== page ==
|Also known as||The Film Show|
|Directed by||Stephen Neal|
|Presented by||Rotating hosts:|
Barry Norman (1972-1998)
Iain Johnstone (1982)
Jonathan Ross (1999-2010)
Claudia Winkleman (2010-2016)
Danny Leigh (2010-2017)
Ellen E Jones (2017-2018)
|Theme music composer||Billy Taylor and Richard Lamb|
|Opening theme||"I Wish I Knew How It Would Feel to Be Free"|
|Country of origin||United Kingdom|
|Executive producer||Janet Lee|
|Production locations||Studio V, Broadcasting House|
|Running time||30 minutes|
|Production company||BBC Studios|
|Original network||BBC One|
|Original release||16 November 1971 -|
28 March 2018
|Related shows||The Film Review|
The show was first broadcast on 16 November 1971 but it was only shown in the South East area of the UK under the title Film '71. It was then shown in all areas of the UK in 1972. The show was first hosted by several presenters, including Joan Bakewell, Frederic Raphael, Iain Johnstone, and Barry Norman.
Barry Norman became permanent host of the series in 1972. For his first episode on Film 72, his first film review was of The Last Picture Show, while his first studio interviewees were Charlton Heston and James Stewart. For much of his time on the show, "with Barry Norman" was appended to the show's title.
Norman remained as host until 1998, except for a few months in 1982, when he was busy with other projects and Iain Johnstone returned as temporary host. Norman eventually left the show after signing a contract with BSkyB, with his last appearance being at the end of June 1998 hosting Film '98.
With the series now described as the BBC's flagship cinema review, Norman's departure to Sky was said by The Guardian in 2002 to have been "seismic", and due to its nature and timing, his exit was described as being acrimonious. Norman said of the departure, "I honestly believe that if they had said to me, 'We would like you to work out your contract but then we don't want you any more,' they would have given me quite a big send off - at least they would have had a drinks party. But because I left at a time that was not convenient for them I became a non-person. Even on the last day, nobody called up to say, 'Good luck in your future life,' or even 'drop dead'." Of his reviewing style Norman said: "I always knew that nobody's right and nobody's wrong in criticism. The only thing I could do was to make sure that whatever I said was what I really believed."
Jonathan Ross was chosen as the next host, and presented the show from 1999 until March 2010. Reflecting the change in host, the phrase "with Jonathan Ross" was appended to the show's title.
Ross began presenting the show as Film '99 in March 1999, on a contract reportedly worth £500,000 a year. Ross, described by the BBC as a long-time film buff and fan of cult movies, stated that he had dreamt of doing the job since childhood.
To mark the turn of the millennium, the viewers of Film 99 voted in a poll to name their favourite film of the century, with the top 100 published by the BBC and with Star Wars coming top overall. After the millennium, the show switched from the two-digit format to using the full year in the title, i.e. Film 2000, Film 2001...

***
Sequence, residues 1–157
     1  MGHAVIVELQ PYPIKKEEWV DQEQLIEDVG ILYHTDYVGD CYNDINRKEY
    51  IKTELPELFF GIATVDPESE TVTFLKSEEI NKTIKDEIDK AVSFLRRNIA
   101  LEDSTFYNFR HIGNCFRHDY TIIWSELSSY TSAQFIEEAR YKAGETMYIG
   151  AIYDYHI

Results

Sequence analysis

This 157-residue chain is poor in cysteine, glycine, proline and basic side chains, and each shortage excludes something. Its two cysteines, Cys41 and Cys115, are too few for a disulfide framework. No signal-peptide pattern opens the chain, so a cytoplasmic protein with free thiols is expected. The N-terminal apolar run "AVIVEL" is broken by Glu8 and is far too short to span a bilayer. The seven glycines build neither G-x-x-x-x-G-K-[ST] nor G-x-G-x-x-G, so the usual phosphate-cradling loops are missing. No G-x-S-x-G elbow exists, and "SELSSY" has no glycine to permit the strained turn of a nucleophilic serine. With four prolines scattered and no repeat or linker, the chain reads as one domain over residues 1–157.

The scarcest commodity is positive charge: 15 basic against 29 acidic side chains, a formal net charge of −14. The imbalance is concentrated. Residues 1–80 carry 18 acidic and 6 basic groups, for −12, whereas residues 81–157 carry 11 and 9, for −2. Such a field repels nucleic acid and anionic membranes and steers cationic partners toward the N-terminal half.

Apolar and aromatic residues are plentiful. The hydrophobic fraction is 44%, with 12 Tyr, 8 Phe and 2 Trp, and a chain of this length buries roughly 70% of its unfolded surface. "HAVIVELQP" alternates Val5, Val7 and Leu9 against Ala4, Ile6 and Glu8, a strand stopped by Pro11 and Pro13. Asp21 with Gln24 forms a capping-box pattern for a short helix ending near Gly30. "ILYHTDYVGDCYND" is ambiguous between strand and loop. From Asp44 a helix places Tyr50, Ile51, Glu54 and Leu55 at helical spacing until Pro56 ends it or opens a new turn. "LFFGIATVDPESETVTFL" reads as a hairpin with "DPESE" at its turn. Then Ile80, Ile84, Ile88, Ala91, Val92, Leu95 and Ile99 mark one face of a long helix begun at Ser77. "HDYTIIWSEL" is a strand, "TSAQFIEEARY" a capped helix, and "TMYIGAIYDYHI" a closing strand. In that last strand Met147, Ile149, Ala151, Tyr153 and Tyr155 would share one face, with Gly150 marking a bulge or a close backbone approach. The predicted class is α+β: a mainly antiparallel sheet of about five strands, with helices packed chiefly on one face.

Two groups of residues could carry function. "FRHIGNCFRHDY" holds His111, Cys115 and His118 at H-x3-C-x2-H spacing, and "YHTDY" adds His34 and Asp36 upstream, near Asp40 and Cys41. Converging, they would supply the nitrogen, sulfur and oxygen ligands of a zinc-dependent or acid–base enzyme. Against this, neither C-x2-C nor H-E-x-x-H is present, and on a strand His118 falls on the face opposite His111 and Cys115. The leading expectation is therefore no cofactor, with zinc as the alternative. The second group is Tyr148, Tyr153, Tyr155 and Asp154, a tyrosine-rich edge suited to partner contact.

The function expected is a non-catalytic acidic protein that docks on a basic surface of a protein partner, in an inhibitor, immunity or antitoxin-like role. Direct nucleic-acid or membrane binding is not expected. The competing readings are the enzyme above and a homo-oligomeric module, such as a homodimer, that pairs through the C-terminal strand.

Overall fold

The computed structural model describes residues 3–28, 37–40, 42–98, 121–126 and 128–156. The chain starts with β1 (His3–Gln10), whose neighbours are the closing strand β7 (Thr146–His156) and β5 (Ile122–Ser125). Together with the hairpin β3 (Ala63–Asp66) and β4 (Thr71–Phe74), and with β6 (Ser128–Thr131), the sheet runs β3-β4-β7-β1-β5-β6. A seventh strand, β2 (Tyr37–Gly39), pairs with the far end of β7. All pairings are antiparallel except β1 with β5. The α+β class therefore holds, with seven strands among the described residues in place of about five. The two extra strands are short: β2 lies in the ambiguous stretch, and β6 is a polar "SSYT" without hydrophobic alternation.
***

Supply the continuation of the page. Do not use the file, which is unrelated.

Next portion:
Ross presented the programme for the last time on 17 March 2010. This came after he announced in January 2010 that he would not be renewing his BBC contract, with his BBC One chat show and BBC Radio 2 show both also finishing in July 2010.
In October 2010, Claudia Winkleman took over as host of Film 2010 in a revamped format. This saw the adoption of a live studio format and the introduction of a co-presenter, film journalist Danny Leigh. The first episode of Film 2010 with Claudia Winkleman aired on Wednesday 13 October at 10:45 pm.
BBC Radio 5 Live's Mark Kermode had been tipped as a likely successor to Ross for the show. However, in March 2010, Kermode said that he han't been contacted about hosting the show which he said "requires a mainstream sensibility", and instead Winkleman was announced as a surprise choice for the presenter's role.
Damon Wise of Empire feared that Winkleman's appointment represented a rejection of film knowledge as a requirement of a host for the show, and that it might foretell the demise of the series in the same manner as Top of the Pops, "another flagship BBC show that was allowed to slide out of existence."
The Guardian stated, through her recent hosting of Sky Television's coverage of the Oscars, Winkleman had "proved both a passionate and engaging advocate of cinema," while her husband Kris Thykier is a film producer with credits on several mainstream releases. She also presents a weekly arts show on BBC Radio 2 on Friday nights, which covers film.
When the programme returned for a new series in November 2012, it began being referred to in the titles as Film 2012 with Claudia Winkleman and Danny Leigh with Leigh now co-host alongside Winkleman.
In September 2016, Winkleman announced that she would be leaving the show.
Each show, the presenter and resident critic were joined by another established screenwriter or critic. These included: Peter Bradshaw, Rhianna Dhillon, Chris Hewitt, Larushka Ivan-Zadeh, Tim Robey, and Jason Solomons.
In December 2018 the BBC dropped the show and, despite a spokesperson promising "an enhanced offer for lovers of film", fans were still dismayed by the change.
During short sequences of films being shown, incidental music would be played, often from a light jazz music style, known as hard bop.
Jonathan Ross nestles into the presenter's chair for the final time, reviewing new releases including The Bounty Hunter, and providing behind-the-scenes access to major upcoming films including Clash of the Titans. BROADCASTS Wed 17 March 2010 23:25 BBC One (except Northern Ireland, Wales)